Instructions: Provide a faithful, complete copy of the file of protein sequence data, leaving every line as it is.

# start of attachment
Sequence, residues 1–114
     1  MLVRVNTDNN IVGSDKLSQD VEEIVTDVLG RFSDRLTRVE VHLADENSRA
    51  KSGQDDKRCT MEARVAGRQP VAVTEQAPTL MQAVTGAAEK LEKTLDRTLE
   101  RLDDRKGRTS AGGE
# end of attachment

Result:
Sequence, residues 1–114
     1  MLVRVNTDNN IVGSDKLSQD VEEIVTDVLG RFSDRLTRVE VHLADENSRA
    51  KSGQDDKRCT MEARVAGRQP VAVTEQAPTL MQAVTGAAEK LEKTLDRTLE
   101  RLDDRKGRTS AGGE